So what are we to do? (third, and hopefully final, political aside)

For a long long time, the uneducated classes more or less accepted what the educated — “talking” — classes were saying. They could grumble or jeer but they had little reasons to doubt, let alone reject. The educateds could basically ignore anyone except other educateds because the silent class remained silent.

That’s not the case anymore. The silent class are now talking in between themselves — full steam. They have their own news, entertainment, even science. It’s not that they are totally ignoring what the talking class is saying but they now have a choice, including the choice of getting educated (in the traditional sense) or not.

In this new landscape of choice, forcing or shaming no longer work. People now have where to retreat when they feel they’re being pushed on. They have where to go and who to get encouragement from. “They” are no longer aspiring to become “us”.

(And they, increasingly, are trying to push back. Can the world go on as before now that more and more positions of power and authority are taken by people from this alternate reality? Will it crash and burn or will it adapt? The next four years in the US will give us a glimpse.)

All I’m saying is that if “we” want to win, we must stop fighting. It’s not a battlefield. If we are the smart class, the only way we can win is by becoming smarter. We have to learn to model people — to feel the way they feel. We have to learn to be them and look through their eyes, without losing what makes us us.

And you know what? It’s not only that this is the smart way: it’s the easy way. Bashing uneducated people for being lazy achieves nothing: it just makes you both bitter. But if you approach them as a fellow human, if you’re listening and thinking with them, you will discover that what separates you two is often amazingly shallow. Just a change of tone, just a different order of arguments, just using a different synonym here and there may often make all the difference when you’re trying to persuade.

Little tweaks go a long way… it’s only that finding the right tweak is so hard. Obama was able to win, in part, because he has a natural talent for choosing the right tone and words. Too bad this talent is so rare. But what is all our science, our smarts, our rationalism worth if we’re unable to reliably master this skill — now that (literally) the fate of the world depends on it?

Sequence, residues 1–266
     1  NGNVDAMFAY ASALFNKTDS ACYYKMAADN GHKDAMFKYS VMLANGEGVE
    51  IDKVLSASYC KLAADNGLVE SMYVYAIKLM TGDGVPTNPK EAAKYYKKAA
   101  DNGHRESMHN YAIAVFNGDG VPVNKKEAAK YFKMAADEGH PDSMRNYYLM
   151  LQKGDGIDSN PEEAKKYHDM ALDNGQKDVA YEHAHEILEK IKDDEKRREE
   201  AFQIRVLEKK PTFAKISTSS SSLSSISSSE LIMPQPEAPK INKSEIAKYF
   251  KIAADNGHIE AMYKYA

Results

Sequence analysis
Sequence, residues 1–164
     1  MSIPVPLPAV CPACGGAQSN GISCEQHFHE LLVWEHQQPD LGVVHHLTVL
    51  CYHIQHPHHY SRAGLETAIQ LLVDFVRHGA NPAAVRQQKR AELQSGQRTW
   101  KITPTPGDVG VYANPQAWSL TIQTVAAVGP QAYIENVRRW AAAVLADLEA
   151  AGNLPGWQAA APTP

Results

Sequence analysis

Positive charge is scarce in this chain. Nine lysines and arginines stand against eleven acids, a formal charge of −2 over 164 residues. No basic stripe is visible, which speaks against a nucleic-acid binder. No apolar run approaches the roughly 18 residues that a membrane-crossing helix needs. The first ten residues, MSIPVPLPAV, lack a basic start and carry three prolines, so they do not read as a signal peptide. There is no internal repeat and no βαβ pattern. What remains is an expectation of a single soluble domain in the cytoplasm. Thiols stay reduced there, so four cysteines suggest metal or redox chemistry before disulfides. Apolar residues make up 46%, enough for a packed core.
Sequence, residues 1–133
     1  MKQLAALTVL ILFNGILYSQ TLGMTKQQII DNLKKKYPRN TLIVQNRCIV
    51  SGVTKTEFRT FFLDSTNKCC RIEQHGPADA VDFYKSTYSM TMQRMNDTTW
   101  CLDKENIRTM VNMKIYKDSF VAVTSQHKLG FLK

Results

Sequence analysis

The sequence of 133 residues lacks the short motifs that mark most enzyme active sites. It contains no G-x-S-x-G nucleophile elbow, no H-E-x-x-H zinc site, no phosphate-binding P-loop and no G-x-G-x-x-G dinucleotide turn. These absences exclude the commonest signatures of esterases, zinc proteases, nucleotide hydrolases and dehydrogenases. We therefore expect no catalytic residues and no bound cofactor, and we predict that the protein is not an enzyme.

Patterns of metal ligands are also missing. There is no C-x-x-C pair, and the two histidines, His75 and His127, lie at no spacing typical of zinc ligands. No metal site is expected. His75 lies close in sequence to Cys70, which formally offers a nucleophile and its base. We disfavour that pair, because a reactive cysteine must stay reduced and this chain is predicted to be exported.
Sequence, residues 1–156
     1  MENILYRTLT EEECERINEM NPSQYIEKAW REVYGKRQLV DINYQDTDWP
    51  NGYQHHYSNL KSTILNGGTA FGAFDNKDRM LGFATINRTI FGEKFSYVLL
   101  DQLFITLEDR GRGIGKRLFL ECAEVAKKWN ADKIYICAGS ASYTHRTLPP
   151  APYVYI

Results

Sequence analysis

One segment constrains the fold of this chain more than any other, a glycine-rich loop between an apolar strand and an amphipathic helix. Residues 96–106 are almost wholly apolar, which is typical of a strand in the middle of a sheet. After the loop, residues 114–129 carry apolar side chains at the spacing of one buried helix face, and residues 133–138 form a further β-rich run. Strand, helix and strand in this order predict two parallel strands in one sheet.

The two baskets (another political aside)

Let’s take a very blurred view at the world. A sort-it-all-into-two-baskets kind of view.

First we have the sad basket. People are really acting weird lately. Need I go into details? Madness, madness everywhere. Sane rational people seem to be on defense and losing.

Not just by being outnumbered, mind you. The very assumptions of the sane rational people are being aggressively uprooted. “Trump won” is not the worst part; the worst part is how the sane rational people were so sure he would not win. “We,” so used to being right, suddenly found ourselves in the wrong. “They,” the very embodiment of ignoring reality and general absurdity, somehow, infuriatingly, ended up more right than us.

Fear, uncertainty, doubt. (Remember that phrase?)

But then there is the other basket: the fun basket, the wow basket, the (mostly) technology basket. All at about the same time, several big things that were kind of good ideas stopped being just good ideas and started actually moving — in a big way. Solar and wind are taking off. Electric and then self-driving cars are taking off. 3D printing is not quite taking off but may be close. And AI in general is really, finally, unbelievably, taking off.

“Coincidence? I don’t think so.”

Rational people seem to have solved things. Kudos for them! Now, if they want to go on with their fun without further nasty interruptions, they urgently, desperately need to solve other people.

Like, figure them out. Grok them. Understand them.

Otherwise the fun basket may well end up drowning in the sad basket.

Hint: rationalism is warm and cuddly, but it may not be the best tool for the job (more on that later).

Guaranteed income (a political aside)

Progressives seem to be flocking towards the idea of guaranteed income. It’s understandable, especially in view of the recent events in the US. Whatever those crazies want, they certainly wouldn’t say no to free money – who would? And that would hopefully soothe the beast – close the gap, quiet the discontent, prevent outright calamities. In short, it’s something that would let us go on with our interesting lives without the nasty surprises like this election thing.

It just looks like so fair a solution, so well-rounded, so failure-prone. Costly, yeah, but aren’t we automating the hell out of the economy already? It’s going to be peanuts.

What most progressives utterly fail to understand is how the idea of guaranteed income can, to some people, be deeply offensive. How it can enrage the beast instead of soothing. I hate to be a doomsayer but we’re in for more nasty surprises until we learn to talk to people and hear what they’re saying, instead of throwing money at them. (Well, we should throw money anyway, too, but talking comes first. Without it, money is useless.)

With all that, myself I am very supportive of the idea of guaranteed income. It’s a good first step towards the moneyless will-based economy of Everday.